Trump administration starts slashing EPA without waiting for Congress
While President Trump was announcing that the United States would exit the Paris climate agreement in a ceremony at the White House, Environmental Protection Agency staff were being told to prepare for jobs to evaporate at the agency.
EPA has begun what it calls "a workforce reshaping effort" that could eliminate more than 3,000 jobs at the 15,000-employee agency.
An all-staff memo from acting deputy administrator Mike Flynn, who has worked at EPA for more than 20 years, said the planned cutbacks would include a limited number of voluntary buyouts. Any takers would have to leave the agency by September. Flynn said the plan would be submitted to White House budget and personnel offices for approval later this month.
As the memo (included below) was landing in staff inboxes across the country, EPA chief Scott Pruitt followed Trump at the podium in the Rose Garden and praised his boss.
“America finally has a leader who answers only to the people, not to the special interests who have had their way for far too long," Pruitt said to Trump. "Everything you do, you’re fighting for the forgotten men and women across this country.”
An opinion poll from Yale University actually shows a majority of the people in every state, including 70 percent of people in Washington state, favored staying in the global climate agreement. The survey was conducted in November.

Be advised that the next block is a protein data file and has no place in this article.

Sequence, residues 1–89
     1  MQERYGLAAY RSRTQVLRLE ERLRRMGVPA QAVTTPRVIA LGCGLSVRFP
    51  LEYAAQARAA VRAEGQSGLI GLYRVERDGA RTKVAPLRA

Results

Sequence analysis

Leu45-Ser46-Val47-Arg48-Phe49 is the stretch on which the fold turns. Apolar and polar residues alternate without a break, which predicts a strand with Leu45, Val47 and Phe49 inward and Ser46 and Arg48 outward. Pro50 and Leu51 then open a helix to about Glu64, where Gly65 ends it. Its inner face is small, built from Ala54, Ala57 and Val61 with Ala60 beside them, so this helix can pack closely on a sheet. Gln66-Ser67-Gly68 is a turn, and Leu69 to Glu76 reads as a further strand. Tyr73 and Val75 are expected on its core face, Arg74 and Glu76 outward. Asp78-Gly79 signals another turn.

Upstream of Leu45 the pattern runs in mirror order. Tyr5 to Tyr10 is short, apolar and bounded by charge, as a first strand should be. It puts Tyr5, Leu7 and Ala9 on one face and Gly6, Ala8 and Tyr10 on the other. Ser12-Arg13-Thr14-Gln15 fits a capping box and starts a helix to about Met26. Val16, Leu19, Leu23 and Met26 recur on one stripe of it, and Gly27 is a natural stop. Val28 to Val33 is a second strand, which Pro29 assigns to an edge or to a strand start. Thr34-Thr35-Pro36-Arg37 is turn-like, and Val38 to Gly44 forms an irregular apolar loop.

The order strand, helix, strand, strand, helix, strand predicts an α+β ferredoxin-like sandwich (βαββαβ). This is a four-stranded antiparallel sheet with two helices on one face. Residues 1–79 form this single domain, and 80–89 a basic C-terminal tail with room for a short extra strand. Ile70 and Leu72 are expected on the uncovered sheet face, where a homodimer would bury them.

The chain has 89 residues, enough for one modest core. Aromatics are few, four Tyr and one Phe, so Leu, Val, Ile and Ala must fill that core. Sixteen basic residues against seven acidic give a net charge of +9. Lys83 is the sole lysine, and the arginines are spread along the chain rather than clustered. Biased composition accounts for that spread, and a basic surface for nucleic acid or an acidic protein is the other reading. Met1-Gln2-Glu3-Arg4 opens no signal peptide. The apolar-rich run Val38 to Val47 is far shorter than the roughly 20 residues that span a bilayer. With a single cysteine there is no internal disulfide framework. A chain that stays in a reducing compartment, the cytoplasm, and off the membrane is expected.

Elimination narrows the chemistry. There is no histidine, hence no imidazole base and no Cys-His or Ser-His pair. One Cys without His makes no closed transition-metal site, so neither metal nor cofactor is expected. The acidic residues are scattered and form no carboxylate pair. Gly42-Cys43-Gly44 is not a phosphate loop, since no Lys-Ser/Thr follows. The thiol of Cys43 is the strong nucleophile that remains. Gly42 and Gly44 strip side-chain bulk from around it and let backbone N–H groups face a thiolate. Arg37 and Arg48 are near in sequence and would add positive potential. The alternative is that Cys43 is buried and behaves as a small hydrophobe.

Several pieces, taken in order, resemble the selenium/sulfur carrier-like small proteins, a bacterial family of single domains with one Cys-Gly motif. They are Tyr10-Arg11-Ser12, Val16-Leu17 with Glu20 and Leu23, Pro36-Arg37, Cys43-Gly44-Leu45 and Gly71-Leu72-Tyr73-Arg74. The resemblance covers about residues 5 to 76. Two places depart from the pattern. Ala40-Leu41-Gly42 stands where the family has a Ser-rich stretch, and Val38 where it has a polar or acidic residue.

Trump has proposed reducing EPA's budget by 31 percent, the deepest cut at any Cabinet-level agency.
“The president is imposing his will based on his expected budget before he even has a budget,” former EPA Northwest regional chief Dennis McLerran, who resigned in January, said.
Congress will decide the agency’s budget later this year.
The EPA has about 520 staff in its Northwest region stretching from Alaska to Idaho.
EPA’s workforce peaked in 1999 at around 18,000 full-timers. The Trump administration has proposed cutting the staff down to 11,500, the smallest since 1984, when the U.S. economy was half its current size.
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